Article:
xxx

User unknown/public domain

Main source

Citations and sources

Gillian Bebbington's 1972 work on street name derivations

Links and further reading

Histor­ically inclined look at the capital’s obscure attractions
All-encompassing website
Digital library of key printed primary and secondary sources.

VIEW THE HAMPSTEAD GARDEN SUBURB AREA IN THE 1750s
The 1750 Rocque map is bounded by Sudbury (NW), Snaresbrook (NE), Eltham (SE) and Hampton Court (SW).
Outside these bounds, the 1750 map does not display.

VIEW THE HAMPSTEAD GARDEN SUBURB AREA IN THE 1800s
The 1800 mapping is bounded by Stanmore (NW), Woodford (NE), Bromley (SE) and Hampton Court (SW).
Outside these bounds, the 1800 map does not display.

VIEW THE HAMPSTEAD GARDEN SUBURB AREA IN THE 1830s
The 1830 mapping is bounded by West Hampstead (NW), Hackney (NE), Greenwich (SE) and Chelsea (SW).
Outside these bounds, the 1830 map does not display.

VIEW THE HAMPSTEAD GARDEN SUBURB AREA IN THE 1860s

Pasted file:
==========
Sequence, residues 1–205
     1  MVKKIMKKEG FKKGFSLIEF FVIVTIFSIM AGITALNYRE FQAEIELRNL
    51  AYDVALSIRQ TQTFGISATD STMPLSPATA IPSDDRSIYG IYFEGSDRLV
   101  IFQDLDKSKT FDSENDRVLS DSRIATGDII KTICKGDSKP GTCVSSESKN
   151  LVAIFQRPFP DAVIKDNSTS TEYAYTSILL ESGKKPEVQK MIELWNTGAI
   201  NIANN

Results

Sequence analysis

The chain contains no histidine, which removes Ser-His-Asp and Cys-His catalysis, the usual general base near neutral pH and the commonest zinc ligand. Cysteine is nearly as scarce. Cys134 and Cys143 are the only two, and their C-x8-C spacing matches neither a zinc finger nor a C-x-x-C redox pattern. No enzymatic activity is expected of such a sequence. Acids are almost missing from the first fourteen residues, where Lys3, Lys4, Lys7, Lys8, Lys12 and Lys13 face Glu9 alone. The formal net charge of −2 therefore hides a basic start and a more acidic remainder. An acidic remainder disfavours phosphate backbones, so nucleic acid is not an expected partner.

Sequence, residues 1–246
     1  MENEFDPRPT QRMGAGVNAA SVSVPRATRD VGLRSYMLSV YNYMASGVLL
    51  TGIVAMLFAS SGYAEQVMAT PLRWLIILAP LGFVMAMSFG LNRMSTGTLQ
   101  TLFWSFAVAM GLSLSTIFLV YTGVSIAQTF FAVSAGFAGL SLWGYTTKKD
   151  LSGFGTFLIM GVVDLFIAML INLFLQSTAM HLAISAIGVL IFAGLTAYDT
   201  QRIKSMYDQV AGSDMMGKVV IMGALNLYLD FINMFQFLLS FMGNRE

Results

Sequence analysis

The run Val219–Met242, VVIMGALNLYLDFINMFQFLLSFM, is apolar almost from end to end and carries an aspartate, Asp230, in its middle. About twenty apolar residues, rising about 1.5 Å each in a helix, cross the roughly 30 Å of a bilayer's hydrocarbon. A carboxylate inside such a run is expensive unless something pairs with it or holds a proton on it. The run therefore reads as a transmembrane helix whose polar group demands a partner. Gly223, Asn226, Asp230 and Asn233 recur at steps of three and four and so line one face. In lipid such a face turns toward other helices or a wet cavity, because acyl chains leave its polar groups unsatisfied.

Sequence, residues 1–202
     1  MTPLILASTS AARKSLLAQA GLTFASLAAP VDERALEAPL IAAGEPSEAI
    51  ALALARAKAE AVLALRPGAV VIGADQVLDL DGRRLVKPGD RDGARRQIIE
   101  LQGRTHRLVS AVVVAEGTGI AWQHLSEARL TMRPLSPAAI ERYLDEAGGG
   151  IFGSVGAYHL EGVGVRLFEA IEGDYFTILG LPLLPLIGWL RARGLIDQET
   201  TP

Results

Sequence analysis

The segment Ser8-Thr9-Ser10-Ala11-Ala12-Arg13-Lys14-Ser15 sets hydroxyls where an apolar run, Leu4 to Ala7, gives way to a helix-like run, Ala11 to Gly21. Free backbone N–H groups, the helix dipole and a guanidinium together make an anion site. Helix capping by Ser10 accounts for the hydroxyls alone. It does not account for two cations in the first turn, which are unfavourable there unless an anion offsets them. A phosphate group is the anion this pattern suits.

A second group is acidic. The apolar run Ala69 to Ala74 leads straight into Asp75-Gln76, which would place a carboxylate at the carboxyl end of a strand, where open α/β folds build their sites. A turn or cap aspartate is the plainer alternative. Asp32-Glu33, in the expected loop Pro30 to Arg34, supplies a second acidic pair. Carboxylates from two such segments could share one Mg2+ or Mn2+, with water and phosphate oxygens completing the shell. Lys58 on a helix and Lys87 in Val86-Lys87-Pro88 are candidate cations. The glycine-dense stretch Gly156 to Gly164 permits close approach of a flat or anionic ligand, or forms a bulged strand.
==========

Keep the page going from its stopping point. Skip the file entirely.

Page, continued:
The 1860 mapping is bounded by Brent Cross (NW), Stratford (NE), Greenwich (SE) and Hammermith (SW).
Outside these bounds, the 1860 map does not display.

VIEW THE HAMPSTEAD GARDEN SUBURB AREA IN THE 1900s
The 1900 mapping covers all of the London area.

 

Hampstead Garden Suburb

Hampstead Garden Suburb is a suburb, north of Hampstead, west of Highgate, and east of Golders Green. It is an example of early twentieth-century domestic architecture and town planning located in the London Borough of Barnet in northwest London.

The master plan was prepared by Barry Parker and Sir Raymond Unwin.
Print-friendly version of this page

Maps


John Rocque Map of Hampstead (1762).
John Rocque (c. 1709–1762) was a surveyor, cartographer, engraver, map-seller and the son of Huguenot émigrés. Roque is now mainly remembered for his maps of London. This map dates from the second edition produced in 1762. London and his other maps brought him an appointment as cartographer to the Prince of Wales in 1751. His widow continued the business after his death. The map of Hampstead covers an area stretching from the edge in the northwest of present-day Dollis Hill to Islington in the southeast.
John Rocque, The Strand, London

Environs of London (1832) FREE DOWNLOAD
Engraved map. Hand coloured. Relief shown by hachures. A circle shows "Extent of the twopenny post delivery."
Chapman and Hall, London